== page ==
Allstate hit by another potential class action

Lawsuit attempts to establish clarity over carrier’s ability to choose medical examiners

Allstate hit by another potential class action

Insurance News


A recommended federal class-action lawsuit against Allstate has been approved by the Pennsylvania Supreme Court.

The class-action is in relation to Allstate’s policy that mandates claimants undergo medical exams by a doctor of the carrier’s preference before they can receive benefits.

Last month, U.S. District Judge A. Richard Caputo of the Middle District of Pennsylvania ruled in Sayles v. Allstate Insurance that Allstate’s policy provision opposed the state Motor Vehicle Financial Responsibility Law, and predicted that the state Supreme Court would find the provision unenforceable.

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“The court reads the plain language of Section 1796 [of the law] to prohibit precisely what Allstate allegedly did in this case,” Judge Caputo said, as reported in a Pittsburgh Post-Gazette article.

“Because it appears that Allstate’s examination requirement permits the insurer to require its insureds to submit to an [independent medical exam] without first filing a petition demonstrating good cause, and because the examination requirement transfers control over the statutory safeguards from the province of an impartial court to the discretion of an interested insurer, the court predicts that the Pennsylvania Supreme Court would find the examination requirement, as alleged, in conflict with Section 1796 and thus violative of Pennsylvania public policy.”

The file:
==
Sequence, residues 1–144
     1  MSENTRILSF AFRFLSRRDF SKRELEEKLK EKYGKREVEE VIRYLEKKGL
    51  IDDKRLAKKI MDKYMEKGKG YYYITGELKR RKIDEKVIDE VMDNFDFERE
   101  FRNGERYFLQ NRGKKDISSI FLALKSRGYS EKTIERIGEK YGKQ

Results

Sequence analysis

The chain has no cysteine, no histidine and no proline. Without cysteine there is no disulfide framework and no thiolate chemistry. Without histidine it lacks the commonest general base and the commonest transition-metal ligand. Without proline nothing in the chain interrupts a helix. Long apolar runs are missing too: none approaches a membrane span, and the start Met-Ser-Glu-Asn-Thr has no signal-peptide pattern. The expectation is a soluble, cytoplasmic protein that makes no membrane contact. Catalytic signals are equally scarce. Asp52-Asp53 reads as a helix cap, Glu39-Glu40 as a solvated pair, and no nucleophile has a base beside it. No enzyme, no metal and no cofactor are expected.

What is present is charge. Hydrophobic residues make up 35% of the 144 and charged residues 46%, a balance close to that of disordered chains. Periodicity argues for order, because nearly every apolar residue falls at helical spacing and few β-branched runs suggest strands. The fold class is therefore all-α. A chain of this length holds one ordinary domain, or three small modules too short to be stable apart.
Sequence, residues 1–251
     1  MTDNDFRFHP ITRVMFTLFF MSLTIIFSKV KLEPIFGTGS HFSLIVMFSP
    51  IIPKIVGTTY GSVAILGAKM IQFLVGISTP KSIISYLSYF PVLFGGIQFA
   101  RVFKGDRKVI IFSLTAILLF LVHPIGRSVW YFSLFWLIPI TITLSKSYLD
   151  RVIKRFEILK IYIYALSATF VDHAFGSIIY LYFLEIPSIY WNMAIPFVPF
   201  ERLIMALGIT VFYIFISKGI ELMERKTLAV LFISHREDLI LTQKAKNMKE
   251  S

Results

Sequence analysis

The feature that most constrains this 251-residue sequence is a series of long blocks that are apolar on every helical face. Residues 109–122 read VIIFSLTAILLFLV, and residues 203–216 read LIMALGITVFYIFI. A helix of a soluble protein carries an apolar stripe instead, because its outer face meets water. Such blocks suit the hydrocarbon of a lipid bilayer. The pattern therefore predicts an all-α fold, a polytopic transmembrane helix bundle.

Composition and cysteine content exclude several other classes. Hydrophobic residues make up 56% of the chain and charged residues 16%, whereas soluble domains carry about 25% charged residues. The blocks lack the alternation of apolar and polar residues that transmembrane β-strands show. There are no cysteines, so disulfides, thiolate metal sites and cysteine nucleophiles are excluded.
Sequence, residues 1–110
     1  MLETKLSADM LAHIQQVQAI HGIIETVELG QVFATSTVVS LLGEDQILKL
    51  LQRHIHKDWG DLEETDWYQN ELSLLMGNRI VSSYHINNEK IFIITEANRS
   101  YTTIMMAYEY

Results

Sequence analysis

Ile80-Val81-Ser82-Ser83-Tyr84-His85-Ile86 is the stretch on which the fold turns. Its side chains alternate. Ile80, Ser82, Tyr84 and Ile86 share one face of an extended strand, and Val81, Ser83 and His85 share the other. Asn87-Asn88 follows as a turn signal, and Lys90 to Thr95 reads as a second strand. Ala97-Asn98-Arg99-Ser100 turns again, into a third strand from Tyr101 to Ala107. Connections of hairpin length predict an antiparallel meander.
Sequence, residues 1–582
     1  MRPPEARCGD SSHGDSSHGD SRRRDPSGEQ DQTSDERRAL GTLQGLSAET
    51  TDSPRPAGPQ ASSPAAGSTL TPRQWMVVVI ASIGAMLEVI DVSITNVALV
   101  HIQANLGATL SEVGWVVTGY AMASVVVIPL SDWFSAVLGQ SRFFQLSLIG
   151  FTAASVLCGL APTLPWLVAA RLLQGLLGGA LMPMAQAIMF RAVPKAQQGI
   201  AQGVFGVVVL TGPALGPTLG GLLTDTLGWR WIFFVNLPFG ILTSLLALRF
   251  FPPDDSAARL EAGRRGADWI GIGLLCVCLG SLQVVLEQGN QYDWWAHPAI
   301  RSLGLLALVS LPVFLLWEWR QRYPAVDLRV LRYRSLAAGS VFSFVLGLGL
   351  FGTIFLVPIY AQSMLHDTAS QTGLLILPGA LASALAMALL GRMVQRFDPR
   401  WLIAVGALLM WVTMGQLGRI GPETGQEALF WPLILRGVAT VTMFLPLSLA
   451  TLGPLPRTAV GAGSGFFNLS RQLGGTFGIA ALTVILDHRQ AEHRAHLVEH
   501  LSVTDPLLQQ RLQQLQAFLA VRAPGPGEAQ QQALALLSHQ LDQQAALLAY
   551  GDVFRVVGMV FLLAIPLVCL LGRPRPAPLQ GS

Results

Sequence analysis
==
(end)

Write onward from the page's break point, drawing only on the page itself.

Judge Caputo dismissed all other claims raised, despite the ruling green-lighting claims that the policy clashes with the Motor Vehicle Financial Responsibility.

Charles Kannebecker, Weinstein Schneider Kannebecker & Lokuta, said that the ruling must present “tremendous clarity” on the issue.

“Now independent judges will determine who the examining physician will be, so the insurance company can’t use their hand-picked doctors,” Kannebecker said.

Kannebecker said he has seen similar provisions in different cases concerning various insurance carriers, and plans to file additional cases.

The initial case came about when a December 2015 car accident injured Sayles. Allstate subsequently asked that she undergo an independent medical exam by a doctor that the carrier picked before she could claim any benefits. Allstate never appealed to the court to force the physical exam.

Sayles challenged the policy as she argued it violated the state law that requires carriers to acquire a court order based on “good cause” before refusing to pay a benefit.

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